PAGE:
Sunday, October 30, 2016

Electoral Reform? Don't Hold Your Breath.

Real Change? No, Sorry, Short Change.

Alison at Creekside has prepared an important item on remarks by Trudeau's minister of democratic institutions, Maryam Monsef, during a recent public meeting in Victoria on electoral reform.

Alison transcribed minister Monsef's responses to two questions posed from the audience. They deserve to be read in their entirety but my attention was caught by this line:

"we are advocating hard for reform, for reform that means improvement, that sets the stage for the next generation of leaders to come in and make the system better."

Okay, got that? Her job is to lay the groundwork for some "next generation of leaders" to make the system better.

Weasel words and wiggle room. Again.


Anonymous said...

Could mean they will implement the small reform of ranked ballots and let the PR issue be decided by future generations.

There was zero chance the Liberals would implement PR in the first place. Too much opposition from the establishment.

Fact is, if Trudeau decided to keep the status quo (because the committee votes are split) the establishment media from the Toronto Star to the Toronto Sun would praise him for it. If he tries ranked ballot reform, he would get flak from all corners.

A good bet: he tries to break the deadlock with ranked ballots; gets attacked from all corners; then says, "I tried, but there is no consensus; no middle ground. We have no alternative but to maintain the status quo for now."

The Mound of Sound said...

Interesting scenario, Anon. Thanks.

Ben Burd said...

If you believe that the architect of the Ontario failure of Election Reform - Gerald Butts, would ever allow the Liberals to go ahead with anything but 'ranked ballots' if at all, I have some swampland for you.

The Mound of Sound said...

Honestly, Ben, I would be content with ranked ballots if that's what it takes to deliver us from FPTP.

Northern PoV said...

Ranked ballots would be a significant and welcome change. And easily doable.

PR is a cluserf*ck. Fails at the ballot box every time. (in Canada)

As long as the the 1% control the money - they will control the gov't regardless of the voting system: NZ has MMP/PR and elected a Harper clone w 505 of raw vote.

So - bring back the vote subsidy and give it to 1st choice votes under IVR.


Northern PoV said...

oh for an edit function


Anonymous said...

Someone should start a ranked ballot petition. I bet a lot of Canadians would sign on.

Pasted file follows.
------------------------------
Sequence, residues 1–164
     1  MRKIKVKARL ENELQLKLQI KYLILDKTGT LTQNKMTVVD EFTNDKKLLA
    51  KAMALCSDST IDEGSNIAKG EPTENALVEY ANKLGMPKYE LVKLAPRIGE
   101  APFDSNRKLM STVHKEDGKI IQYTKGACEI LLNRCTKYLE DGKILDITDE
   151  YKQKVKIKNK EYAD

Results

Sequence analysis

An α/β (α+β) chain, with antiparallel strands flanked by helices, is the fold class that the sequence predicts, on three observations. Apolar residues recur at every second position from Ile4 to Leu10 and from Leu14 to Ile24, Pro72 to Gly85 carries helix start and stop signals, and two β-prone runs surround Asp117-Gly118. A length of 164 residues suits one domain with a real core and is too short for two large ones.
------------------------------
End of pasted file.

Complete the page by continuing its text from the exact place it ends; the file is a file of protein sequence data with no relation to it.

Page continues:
All the activist groups are pro-PR. They use a lot of rhetoric against ranked ballots, claiming they are worse than FPTP.

Average Canadians need to be represented at this thing.

Anonymous said...

" Like all winner-take-all voting systems, IRV tends to exaggerate the number of seats won by the largest parties"

Under this system Libs would actually increase their "majority" while still getting only 39 of popular vote%!

Most countries in the world use some form of PR. For a reason...


Anonymous said...

The stuff about distortions under AV are based on junk statistics. They say the Liberals would've won a bigger majority under AV in 2015. This assumes all people who voted Liberal under FPTP would've made them their #1 choice on their ranked ballot. Obviously a false assumption.

Fact is the NDP was leading the center-left vote for half the election. The tide changed back to the Liberals because they were seen, by strategic voters, as the safest choice in stopping Harper. Under AV, voters don't have to pick one center-left party. They can strategically vote with an alternative vote.

France and Australia use runoff voting. There are no distortions of the vote. A 50% majority decides the government divided along center-left and conservative lines. (No more 40% dictatorships.) AV moderates the debate (extremists lose out on alternative votes.) It would be an enormous improvement over what we have now.

Ben Burd said...

Ranked ballots only work if the voter fills in all of the rankings. A 'plumped' vote is as bad as FPTP and we can't stop it unless incomplete ballots are treated as spoiled ballots.

Alison said...

Thank you for the signal boost, Mound.

But take care on your enthusiasm for "ranked ballots" if implemented in a single member riding, also known as "Alternative Vote" or AV - the system purported to be preferred by Trudeau.

"we re-estimated the results of the seven previous federal elections dating back to 1997 to better understand how a move to AV could affect the outcomes of elections. The results were illuminating.

The only party to benefit in all seven elections was the Liberals, who gained an average of 19 seats."

A fear of AV is keeping the CPC members on the ERRE committee from support of electoral reform, members who have themselves agitated for Proportional Representation in the past.

Purple library guy said...

It's not inevitable, but ranked ballots tend to favour centrist/compromise parties. Like, in the Canadian example, the NDPers will tend to mark Libs #2 because they hate the right-wing Conservatives worse, basically the same way some dippers will vote Liberal tactically under FPTP. Meanwhile Conservatives will also tend to rank Libs #2 for similar reasons in reverse. To the extent this happens, the only way for Liberals not to win is if they're the party with the lowest starting total and so it's their second choices getting counted.